In the event that an armed commercial drone were used to attack a large crowd, the psychological effects would likely cause more harm than the device it delivers. A stampede of panicked people, for instance, could inflict more injuries than an explosion. Thus, it is important that people realize the limits of the drone threat so as not to overreact and multiply the impact of an attack with trampling damage. Because drones at this point are likely to be more successful in instilling fear than causing actual physical damage, they could be categorized as a true terrorist weapon.

It is also important to keep in mind that the misuse of drones is not confined to direct attacks. The devices, which are quite effective surveillance platforms, can be used to gather intelligence on facilities, residences or the comings and goings of potential human targets, facilitating the planning of attacks by other means. The effectiveness of drones as surveillance tools should be a particular concern for corporate security and executive protection teams, which should take steps to look for them in addition to watching for traditional surveillance conducted by human operatives or static cameras on the ground. From a target's viewpoint, the use of drones for surveillance can alter the appearance of the attack cycle. But since attackers still must follow the cycle, the points of vulnerability that it exposes them to remain the same.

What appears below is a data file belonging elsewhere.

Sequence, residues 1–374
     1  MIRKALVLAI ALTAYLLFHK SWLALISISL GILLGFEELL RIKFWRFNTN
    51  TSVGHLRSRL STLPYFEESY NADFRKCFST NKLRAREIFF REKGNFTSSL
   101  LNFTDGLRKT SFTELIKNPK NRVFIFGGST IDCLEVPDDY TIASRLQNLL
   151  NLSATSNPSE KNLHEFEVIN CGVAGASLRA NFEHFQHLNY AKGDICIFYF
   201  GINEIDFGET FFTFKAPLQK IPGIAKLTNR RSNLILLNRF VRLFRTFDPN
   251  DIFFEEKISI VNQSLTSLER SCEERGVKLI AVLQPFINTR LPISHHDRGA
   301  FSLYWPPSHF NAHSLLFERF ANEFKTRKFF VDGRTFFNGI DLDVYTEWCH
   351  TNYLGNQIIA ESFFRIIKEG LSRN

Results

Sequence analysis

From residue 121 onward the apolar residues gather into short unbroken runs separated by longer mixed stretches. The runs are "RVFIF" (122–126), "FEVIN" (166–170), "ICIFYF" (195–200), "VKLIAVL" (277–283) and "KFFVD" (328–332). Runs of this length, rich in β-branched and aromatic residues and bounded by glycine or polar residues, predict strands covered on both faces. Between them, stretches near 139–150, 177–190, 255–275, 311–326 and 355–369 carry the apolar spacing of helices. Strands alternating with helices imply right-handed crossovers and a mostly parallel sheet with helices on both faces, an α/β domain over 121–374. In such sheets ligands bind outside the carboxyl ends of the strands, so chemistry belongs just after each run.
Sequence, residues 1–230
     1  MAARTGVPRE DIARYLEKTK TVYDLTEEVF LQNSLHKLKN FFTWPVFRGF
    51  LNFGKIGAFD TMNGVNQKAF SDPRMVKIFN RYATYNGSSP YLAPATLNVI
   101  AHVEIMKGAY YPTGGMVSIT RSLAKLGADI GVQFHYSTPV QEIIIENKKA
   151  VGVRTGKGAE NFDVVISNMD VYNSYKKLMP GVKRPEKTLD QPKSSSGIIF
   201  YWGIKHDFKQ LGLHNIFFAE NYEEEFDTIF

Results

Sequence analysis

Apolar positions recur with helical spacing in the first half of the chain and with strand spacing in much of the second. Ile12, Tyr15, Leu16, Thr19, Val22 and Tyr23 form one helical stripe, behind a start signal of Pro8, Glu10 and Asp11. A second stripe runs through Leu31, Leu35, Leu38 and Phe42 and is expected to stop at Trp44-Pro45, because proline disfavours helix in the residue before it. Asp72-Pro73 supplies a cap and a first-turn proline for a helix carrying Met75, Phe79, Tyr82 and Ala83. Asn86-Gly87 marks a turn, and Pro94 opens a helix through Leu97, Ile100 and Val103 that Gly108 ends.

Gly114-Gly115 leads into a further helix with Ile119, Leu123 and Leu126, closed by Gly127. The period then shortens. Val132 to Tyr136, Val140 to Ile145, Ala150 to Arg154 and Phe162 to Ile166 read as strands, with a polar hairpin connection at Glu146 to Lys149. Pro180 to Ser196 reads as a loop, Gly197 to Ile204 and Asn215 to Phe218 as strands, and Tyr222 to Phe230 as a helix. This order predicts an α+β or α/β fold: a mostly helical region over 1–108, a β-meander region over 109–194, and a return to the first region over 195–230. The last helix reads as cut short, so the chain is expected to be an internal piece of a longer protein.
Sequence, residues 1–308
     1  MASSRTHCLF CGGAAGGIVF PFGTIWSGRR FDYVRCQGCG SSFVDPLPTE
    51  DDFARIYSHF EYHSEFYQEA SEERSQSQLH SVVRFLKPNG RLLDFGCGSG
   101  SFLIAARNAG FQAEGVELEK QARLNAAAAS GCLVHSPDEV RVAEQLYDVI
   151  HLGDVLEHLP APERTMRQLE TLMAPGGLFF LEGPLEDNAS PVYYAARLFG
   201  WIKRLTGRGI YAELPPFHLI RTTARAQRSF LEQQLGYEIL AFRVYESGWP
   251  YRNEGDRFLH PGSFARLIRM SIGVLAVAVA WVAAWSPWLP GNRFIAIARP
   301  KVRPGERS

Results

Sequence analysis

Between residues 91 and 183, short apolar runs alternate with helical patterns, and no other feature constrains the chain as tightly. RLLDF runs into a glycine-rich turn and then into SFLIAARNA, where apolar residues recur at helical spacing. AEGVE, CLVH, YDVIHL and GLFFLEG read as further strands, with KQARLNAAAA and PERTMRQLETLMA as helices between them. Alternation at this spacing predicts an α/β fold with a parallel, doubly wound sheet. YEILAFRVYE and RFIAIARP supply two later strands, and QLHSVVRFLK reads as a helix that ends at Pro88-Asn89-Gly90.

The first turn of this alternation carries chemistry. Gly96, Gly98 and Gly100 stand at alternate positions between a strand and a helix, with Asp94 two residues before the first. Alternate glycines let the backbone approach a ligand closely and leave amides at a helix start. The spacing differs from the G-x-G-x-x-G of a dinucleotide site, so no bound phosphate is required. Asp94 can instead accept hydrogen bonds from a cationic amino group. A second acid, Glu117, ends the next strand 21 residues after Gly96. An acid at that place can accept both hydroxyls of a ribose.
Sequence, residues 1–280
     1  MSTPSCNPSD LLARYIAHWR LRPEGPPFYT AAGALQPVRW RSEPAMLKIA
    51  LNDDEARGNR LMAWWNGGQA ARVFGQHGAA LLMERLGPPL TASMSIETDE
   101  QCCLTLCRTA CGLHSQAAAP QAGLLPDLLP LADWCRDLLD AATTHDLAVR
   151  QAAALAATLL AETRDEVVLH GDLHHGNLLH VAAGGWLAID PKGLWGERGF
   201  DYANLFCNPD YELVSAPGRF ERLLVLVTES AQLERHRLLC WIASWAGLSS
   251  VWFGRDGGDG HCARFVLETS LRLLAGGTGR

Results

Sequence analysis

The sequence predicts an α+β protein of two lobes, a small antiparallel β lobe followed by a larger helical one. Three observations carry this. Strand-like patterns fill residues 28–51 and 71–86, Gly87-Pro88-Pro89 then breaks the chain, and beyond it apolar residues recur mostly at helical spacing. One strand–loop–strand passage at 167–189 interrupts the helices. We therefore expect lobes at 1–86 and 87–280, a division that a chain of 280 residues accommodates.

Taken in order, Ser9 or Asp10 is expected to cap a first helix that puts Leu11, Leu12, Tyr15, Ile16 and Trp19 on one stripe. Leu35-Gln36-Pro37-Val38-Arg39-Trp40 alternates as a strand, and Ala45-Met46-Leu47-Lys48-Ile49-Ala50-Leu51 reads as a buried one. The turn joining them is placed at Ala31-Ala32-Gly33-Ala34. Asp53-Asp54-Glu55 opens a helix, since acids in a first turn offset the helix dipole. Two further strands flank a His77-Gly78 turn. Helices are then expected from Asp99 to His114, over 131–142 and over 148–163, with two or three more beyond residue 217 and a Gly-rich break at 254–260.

Scott Stewart supervises Stratfor's analysis of terrorism and security issues. Before joining Stratfor, he was a special agent with the U.S. State Department for 10 years and was involved in hundreds of terrorism investigations.